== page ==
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9 of 9 people found the following review helpful By nico_laos on October 31, 2003
Format: Paperback
With all the superheroes flying around, one has to wonder if the police department has a specialized unit that deals with specific crimes committed by any individual with superpowes. Enter Powers, a crime comic written by master scribe, Brian Michael Bendis (Ultimate Spiderman, Daredevil) that details just that. Detective Christian Walker and his new partner, Detective Deena Pilgrim, are investigating the murder of well known and loved super heroine, Retro-Girl. But this case is unlike any other that Walker has been on. There's something personal about this. There's an apparent connection between Detective Walker and Retro-Girl that is unkown to his new partner (and it's not what you're probably thinking). This book is a magnificent noir detective story that doesn't pull any punches.
The artwork by Oeming is very cartoony and reminds me a lot of the character designs for the DC realted animated series (such as Batman and Justice League) but with some of the best lighting effects and shadowing I've ever seen in a comic book.
All in all, Powers is simply one of my favorite titles out there. A rich and detailed noir atmosphere that doesn't disappoint on any level.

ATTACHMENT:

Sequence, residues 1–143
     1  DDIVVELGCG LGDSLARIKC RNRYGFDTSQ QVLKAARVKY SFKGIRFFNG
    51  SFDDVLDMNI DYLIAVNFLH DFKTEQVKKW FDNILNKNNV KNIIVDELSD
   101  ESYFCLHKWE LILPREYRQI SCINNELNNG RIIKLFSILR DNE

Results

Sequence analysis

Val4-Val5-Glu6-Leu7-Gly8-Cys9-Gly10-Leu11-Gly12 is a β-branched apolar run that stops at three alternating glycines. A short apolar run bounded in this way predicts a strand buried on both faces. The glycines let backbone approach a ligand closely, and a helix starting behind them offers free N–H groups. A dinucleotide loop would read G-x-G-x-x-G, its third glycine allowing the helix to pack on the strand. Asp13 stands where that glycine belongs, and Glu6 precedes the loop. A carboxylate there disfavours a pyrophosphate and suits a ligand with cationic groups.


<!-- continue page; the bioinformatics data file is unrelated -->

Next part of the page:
As a side note: check out TORSO, my favorite of Bendis' adventures into crime-drama.
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5 of 5 people found the following review helpful By Allison Kalman on June 13, 2003
Format: Paperback
I am a recent fan of graphic novels. Like many people, especially girls it seems, I had not read comics as a child. I thought they were all cheesy, concerned with flashy pictures and action, not indepth stories.
Then a friend introduced me to Brian Michael Bendis.
Powers: Who Killed Retro Girl? is in the super hero genre...but not. It starts of the series with a bang, and what's most interesting about the use of super hero storylines is that it explores the strange side stories you would never hear about in an issue of Superman or Daredevil. Super heroes in the news, as regular people, their home lives, what they are before and after powers, and how what they can do would effect the "real world" around them.
This is truely a unique series and the writing of Bendis in any comic shows what the medium can really do. This was my introduction to comics and it ensured I would continue to come back.
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7 of 8 people found the following review helpful By Dave Thomer on March 4, 2001
Format: Paperback
Brian Bendis has a great grasp of pacing and character development inhis storyteling, and they shine through here. Powers is the story ofthe police officers charged with investigating crimes related tosuperpowered individuals; in this book, the death of one of the city'smost beloved heroines sets off massive amounts of mourning and anintense search for the killer. The dialogue is superb, parcelling outinfo in just the right amount, and Michael Avon Oeming's art is verygood as well, setting the mood and tone of the story. Plus, the tradepaperback includes sketches, a copy of the script to issue one, andsome other goodies. (At the moment,... this book listed as achildren's book. That is decidedly not accurate.)